Embracing Digital Power Tools


Hans Sandgren Jakobsen digital tools 10

Hans Sandgren Jakobsen


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The epicenter of Hans Sandgren Jakobsen studio.


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Illustration by Hans Sandgren Jakobsen

A 3D sketch of the Daisy Chair.


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Flying chairs hanging above the desks in the studio.


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Photo by DANISH™

A new prototype by Hans Sandgren Jakobsen.


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Photo by DANISH™

Seats in the making at Hans Sandgren Jakobsen's workshop in Grenaa.


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Photo by DANISH™

A splash of colour.


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Photo by DANISH™

The final handle and a 3D printed model of it.


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Photo by DANISH™

A result of the digital possibilities.


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Shanghai Fair 2016


Digital appliances are here to stay, and at the Danish design studio Hans Sandgren Jakobsen in Grenaa, Denmark, they are taking the opportunity to discover every asset of them. They use different technologies in the start-up process and further on, when they are working towards the final product.

The Hans Sandgren Jakobsen studio is located in a small combined office and workshop at the tip of Grenaa harbour. From there, the studio works on every aspect of the design process including digital drawings and 3D-printed models. But it hasn’t always been like that.

“We have been here since the days when the drawings were made by hand and copies were sent by courier to China. But today, we don’t do pen-and-paper-sketches anymore; now we create digital 3D drawings with the exact measurements, which we can send directly to Asia by e-mail”, tells Hans Sandgren Jakobsen.

The benefits of the digitalization are particularly seen in the speed of the process and the accuracy of the prototypes. According to Hans Sandgren Jakobsen, a 3D printed model can help make sure that everything is done right to prevent unnecessary deviations.

“Usually, you can’t see everything from a traditional drawing, while things just happen when you get a real model in your hand. Even though we can render and scale, something just changes, when you get the opportunity to test it. For instance, we recently designed a handle, where we printed a 3D model in plastic and when it became physical and tangible, we could evaluate and adjust it before the production started, so we could ensure it fits the hand perfectly.”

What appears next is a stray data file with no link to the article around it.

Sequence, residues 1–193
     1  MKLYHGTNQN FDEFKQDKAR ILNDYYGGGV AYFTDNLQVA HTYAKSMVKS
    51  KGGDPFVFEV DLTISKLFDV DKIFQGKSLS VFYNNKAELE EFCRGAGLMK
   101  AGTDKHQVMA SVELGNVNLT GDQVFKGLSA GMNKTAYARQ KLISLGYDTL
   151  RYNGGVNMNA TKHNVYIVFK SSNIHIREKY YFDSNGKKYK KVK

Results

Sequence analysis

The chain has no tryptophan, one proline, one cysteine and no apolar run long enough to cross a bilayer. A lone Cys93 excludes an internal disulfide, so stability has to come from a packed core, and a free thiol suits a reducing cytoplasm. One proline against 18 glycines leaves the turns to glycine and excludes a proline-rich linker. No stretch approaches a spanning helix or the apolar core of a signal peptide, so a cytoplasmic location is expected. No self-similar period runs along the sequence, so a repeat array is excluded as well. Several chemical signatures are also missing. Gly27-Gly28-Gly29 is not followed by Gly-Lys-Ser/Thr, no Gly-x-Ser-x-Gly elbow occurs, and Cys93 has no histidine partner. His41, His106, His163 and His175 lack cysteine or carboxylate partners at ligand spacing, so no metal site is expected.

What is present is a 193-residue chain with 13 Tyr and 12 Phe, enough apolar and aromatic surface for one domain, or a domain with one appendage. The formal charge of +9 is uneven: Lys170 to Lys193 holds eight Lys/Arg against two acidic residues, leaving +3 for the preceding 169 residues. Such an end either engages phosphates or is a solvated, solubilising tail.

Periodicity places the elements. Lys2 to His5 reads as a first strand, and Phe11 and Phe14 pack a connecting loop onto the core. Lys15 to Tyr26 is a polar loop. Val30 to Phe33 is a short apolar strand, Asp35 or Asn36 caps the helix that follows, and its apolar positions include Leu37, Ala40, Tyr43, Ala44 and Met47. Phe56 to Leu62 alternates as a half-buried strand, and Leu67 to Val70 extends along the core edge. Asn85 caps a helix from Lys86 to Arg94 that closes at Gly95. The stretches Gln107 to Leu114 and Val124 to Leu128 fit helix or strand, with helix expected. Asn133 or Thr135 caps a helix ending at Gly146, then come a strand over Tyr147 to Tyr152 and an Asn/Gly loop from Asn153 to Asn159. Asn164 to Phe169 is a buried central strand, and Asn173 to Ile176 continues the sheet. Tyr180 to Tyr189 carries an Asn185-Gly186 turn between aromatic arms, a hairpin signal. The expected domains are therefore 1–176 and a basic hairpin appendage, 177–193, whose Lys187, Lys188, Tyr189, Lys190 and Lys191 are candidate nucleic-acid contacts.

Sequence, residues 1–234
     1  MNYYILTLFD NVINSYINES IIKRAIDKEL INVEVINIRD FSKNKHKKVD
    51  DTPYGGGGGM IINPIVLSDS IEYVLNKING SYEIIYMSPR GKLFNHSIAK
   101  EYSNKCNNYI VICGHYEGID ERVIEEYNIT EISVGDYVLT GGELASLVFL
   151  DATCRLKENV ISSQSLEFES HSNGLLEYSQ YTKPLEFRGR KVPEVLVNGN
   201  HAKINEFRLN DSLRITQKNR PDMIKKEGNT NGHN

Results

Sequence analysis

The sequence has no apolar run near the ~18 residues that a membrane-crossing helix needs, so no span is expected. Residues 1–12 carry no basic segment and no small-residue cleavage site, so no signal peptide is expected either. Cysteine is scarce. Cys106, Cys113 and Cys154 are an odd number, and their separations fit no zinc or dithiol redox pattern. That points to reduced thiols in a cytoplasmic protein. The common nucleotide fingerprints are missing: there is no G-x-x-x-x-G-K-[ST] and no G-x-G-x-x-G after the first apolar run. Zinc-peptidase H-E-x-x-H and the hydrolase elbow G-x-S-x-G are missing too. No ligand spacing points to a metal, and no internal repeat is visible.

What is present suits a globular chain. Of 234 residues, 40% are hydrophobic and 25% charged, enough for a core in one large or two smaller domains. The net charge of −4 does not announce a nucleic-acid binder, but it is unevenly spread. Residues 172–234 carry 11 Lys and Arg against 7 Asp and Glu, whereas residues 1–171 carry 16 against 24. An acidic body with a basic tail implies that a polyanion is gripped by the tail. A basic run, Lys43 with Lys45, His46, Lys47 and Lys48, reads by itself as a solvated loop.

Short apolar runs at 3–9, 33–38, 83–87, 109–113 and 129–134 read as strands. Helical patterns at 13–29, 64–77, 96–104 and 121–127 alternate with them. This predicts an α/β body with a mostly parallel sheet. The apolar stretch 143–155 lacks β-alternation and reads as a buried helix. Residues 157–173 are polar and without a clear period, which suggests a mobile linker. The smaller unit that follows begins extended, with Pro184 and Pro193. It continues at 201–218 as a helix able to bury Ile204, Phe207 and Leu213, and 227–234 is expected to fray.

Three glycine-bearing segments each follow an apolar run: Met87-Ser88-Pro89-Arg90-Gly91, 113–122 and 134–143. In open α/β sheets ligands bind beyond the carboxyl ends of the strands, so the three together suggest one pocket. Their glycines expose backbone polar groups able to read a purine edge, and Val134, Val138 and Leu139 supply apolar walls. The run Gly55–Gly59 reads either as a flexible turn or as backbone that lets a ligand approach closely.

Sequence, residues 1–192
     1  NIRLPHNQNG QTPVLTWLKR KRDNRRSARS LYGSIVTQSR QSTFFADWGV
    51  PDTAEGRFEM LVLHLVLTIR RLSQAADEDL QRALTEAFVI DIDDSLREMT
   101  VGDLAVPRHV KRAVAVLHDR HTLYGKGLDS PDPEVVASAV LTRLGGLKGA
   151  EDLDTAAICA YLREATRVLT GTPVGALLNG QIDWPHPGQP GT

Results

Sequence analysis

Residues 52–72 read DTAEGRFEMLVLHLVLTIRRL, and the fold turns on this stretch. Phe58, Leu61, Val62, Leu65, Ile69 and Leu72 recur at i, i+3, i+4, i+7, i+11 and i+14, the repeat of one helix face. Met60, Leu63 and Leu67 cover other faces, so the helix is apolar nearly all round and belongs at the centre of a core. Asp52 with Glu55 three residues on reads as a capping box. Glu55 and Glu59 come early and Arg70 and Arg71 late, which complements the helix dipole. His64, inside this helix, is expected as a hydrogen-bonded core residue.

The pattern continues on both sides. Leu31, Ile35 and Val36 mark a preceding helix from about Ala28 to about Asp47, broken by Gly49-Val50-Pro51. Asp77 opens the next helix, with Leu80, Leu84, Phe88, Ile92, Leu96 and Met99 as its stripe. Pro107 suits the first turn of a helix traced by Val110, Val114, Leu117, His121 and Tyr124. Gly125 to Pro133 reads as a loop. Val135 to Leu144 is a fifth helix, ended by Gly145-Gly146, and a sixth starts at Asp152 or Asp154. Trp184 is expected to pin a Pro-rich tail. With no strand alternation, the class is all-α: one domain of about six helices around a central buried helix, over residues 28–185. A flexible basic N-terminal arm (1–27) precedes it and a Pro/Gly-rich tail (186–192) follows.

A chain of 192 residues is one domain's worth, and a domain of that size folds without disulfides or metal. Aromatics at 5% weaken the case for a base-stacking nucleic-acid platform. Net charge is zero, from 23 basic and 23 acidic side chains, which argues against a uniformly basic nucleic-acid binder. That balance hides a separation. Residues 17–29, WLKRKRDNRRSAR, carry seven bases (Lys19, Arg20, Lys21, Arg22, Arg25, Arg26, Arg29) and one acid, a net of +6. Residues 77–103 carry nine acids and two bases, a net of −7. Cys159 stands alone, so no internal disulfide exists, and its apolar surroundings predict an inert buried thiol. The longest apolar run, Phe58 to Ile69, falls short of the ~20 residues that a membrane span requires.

The digital solutions have had a big impact on the work in this small workshop, but to Hans Sandgren Jakobsen, traditional craftsmanship is still essential to make good and functional designs.

“The classic craftsmanship is reflected in the knowledge we have, but now we have also figured out how to benefit from the modern digital tools and how to implement them in our work. This has contributed to increasing our efficiency.”

Even though they are well-equipped with different kinds of digital tools at the workshop, they state there are still a few flaws and room for improvement – especially when it comes to modelling software.

However, this small company has really dived into the ocean of digital and technological design possibilities. And why not? The development of these different tools has made it a lot easier to share, discuss and execute ideas across borders and to disseminate Danish design around the world.

“There is still a barrier when it comes to sketch drawings. The software is still developing, and there is still room for improvement. It’s easy to sketch a square or cylinder in 3D, but the complications begin when the figures start to slide into one another. In other words, when the shapes change to become more organic rather than just geometric blocks”, Hans Sandgren Jakobsen ends.

Companies mentioned in this article

The goal of DANISH™ is to promote Danish architecture and design in a broad perspective, and demonstrate all the potentials in these fields.

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